Social policy means government policy on a range of social issues (education, family, poverty etc). The question is: have sociologists a contribution to make?
The founding fathers
Comte saw sociology as a practical subject that shouldn't remain in universities, it should be applied to wider society. He believed in order and progress - he saw sociology providing the ideas to reinforce social order and direct social progress. The purpose is 'to know, in order to predict, in order to control'.
Durkheim also focused on the question of order in society. He was concerned with the political upheaval and civil unrest which he believed resulted from industrialisation and breakdown of value concensus. He saw sociology as providing ways of restoring order and strengthening the integration of society.
Durkheim believed sociology pointed to a need for people to be bound together by obligation and a sense of duty to the community as a whole.
Marx looked forward to the overthrow of governments and their replacement with communist societies. He hoped his work would inspire and direct working-class movements in capitalist societies. However, it was only after his death that his ideas shaped history. E.g. Lenin's interpretation of Marx's ideas.
Todays sociologists are a lot less ambitious than before. Many feel sociology can contribute to social policy. However, they see the contribution as limited to certain areas such as family policy or education. They're unlikely to see it as changing society as a whole like Durkheim and Marx.
Shaping social policy
This looks at the factors that shape social policy. This comes from Donnison, a leading expert on poverty.
Societies change, so to some extent social policy is shaped by changes in society. E.g: the aftermath of a war; after WW1 Lloyd George promised the troops 'homes fir for heroes'.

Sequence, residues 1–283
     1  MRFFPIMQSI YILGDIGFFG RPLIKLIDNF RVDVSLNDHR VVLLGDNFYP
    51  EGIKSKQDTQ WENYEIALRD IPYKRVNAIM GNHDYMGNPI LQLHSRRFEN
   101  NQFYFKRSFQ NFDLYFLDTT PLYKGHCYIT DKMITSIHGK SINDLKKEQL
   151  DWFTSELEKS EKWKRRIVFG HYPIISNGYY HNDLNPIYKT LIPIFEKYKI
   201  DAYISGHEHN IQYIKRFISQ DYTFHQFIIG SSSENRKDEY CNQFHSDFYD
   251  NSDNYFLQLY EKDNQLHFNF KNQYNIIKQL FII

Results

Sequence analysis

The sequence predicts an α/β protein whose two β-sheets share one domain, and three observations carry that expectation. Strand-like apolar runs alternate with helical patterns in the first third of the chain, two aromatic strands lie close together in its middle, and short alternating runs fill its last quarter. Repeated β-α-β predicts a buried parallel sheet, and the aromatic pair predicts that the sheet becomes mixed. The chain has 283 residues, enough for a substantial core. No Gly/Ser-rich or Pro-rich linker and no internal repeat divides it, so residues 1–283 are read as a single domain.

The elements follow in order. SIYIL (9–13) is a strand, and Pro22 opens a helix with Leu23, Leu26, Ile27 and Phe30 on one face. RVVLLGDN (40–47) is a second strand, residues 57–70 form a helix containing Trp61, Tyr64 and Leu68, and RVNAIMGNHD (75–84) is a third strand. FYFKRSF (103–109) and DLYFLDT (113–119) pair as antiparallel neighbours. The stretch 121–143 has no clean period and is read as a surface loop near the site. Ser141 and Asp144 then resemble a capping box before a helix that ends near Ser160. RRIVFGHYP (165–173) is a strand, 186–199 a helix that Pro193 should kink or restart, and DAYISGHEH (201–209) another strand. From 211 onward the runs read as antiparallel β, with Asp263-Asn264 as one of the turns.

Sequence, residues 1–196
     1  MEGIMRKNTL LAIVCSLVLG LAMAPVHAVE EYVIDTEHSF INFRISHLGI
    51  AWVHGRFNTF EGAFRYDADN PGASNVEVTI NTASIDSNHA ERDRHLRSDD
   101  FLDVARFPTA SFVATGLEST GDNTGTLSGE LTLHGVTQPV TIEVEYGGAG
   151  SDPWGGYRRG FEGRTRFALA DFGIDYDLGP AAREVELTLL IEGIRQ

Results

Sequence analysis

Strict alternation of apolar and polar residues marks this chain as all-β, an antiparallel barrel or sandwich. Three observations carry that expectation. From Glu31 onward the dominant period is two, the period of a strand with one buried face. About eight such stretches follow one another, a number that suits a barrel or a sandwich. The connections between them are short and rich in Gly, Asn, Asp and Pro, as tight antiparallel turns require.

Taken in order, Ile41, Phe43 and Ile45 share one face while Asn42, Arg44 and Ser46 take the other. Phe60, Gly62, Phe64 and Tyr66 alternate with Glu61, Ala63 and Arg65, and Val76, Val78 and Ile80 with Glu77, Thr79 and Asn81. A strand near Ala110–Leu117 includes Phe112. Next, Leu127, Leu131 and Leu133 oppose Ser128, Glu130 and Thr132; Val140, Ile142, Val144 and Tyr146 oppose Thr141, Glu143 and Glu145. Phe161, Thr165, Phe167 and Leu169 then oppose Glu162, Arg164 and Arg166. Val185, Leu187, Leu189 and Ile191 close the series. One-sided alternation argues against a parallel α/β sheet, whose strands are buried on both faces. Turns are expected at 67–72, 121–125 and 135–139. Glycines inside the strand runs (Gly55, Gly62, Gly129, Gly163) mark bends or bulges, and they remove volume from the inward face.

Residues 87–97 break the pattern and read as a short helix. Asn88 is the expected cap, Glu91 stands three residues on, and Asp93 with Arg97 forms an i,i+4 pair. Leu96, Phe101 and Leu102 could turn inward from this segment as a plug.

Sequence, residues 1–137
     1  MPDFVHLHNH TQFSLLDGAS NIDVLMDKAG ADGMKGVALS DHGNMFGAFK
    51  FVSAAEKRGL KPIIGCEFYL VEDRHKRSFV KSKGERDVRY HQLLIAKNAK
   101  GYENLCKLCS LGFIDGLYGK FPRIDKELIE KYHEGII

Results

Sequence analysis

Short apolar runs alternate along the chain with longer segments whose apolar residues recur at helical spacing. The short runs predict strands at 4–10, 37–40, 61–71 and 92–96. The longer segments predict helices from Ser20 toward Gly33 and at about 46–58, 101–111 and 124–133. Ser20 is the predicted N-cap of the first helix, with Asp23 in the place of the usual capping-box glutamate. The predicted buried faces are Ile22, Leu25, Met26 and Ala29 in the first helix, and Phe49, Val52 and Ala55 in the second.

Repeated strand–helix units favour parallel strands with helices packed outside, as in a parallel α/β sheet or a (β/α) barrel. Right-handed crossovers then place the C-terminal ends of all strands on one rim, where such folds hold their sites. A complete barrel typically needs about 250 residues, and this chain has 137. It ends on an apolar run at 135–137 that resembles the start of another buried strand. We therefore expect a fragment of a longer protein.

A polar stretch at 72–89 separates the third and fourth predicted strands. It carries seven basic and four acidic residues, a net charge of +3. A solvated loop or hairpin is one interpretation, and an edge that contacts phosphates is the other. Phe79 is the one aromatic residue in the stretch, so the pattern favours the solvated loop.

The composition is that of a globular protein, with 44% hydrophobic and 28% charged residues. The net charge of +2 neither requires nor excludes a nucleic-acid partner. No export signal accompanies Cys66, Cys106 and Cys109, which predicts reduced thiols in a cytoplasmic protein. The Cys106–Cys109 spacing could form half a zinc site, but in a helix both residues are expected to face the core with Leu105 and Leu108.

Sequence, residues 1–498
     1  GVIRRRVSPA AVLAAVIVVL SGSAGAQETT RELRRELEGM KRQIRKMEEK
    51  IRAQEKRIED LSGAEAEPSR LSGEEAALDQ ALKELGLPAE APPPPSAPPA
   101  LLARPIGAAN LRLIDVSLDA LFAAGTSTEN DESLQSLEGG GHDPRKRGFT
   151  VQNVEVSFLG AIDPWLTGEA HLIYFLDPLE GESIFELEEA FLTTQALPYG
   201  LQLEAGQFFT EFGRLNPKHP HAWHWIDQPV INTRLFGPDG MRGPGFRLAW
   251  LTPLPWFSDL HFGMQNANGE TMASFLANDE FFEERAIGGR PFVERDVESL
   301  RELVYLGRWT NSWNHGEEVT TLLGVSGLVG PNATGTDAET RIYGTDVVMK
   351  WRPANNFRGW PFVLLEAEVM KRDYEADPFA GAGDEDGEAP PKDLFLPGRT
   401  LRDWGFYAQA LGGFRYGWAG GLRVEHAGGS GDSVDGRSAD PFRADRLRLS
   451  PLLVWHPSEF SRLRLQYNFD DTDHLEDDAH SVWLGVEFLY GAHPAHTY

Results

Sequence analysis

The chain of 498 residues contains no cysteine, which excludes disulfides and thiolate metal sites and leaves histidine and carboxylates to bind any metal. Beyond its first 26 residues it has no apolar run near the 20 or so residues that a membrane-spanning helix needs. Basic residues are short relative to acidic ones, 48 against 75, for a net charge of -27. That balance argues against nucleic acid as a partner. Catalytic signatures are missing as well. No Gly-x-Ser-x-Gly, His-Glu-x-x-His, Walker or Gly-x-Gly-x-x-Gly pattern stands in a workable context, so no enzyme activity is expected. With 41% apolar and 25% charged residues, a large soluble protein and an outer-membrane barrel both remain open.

It's also shaped by growth in knowledge. E.g: during the 19th century people thought poverty was due to a character defect in those that were poor. Rowntree conducted a study however, and found that you cannot blame individuals, it's just sometimes the breadwinner wages were too low. Due to this study, the 1908 Old Age Pensions Act provided pensions for those over 70.
Changing political agendas
Different political parties have different political agendas which shape their social policies. E.g. the Labour Party are supporters of social welfare policies.
It's safe to say that governments listen to sociologists when it suits them and when findings fit their politics. E.g. Margaret Thatcher had no time for sociology, however she was influenced by New Right thinkers.
New Right blamed the welfare state for creating a dependancy culture meaning they lose the will to work and are reliant on the state. Thatcher attempted to end the 'culture of dependancy' by reducing benefits and introducing Job Seekers' Allowance.
Donnison claims that shifts in policy come about when new questions are asked, not when…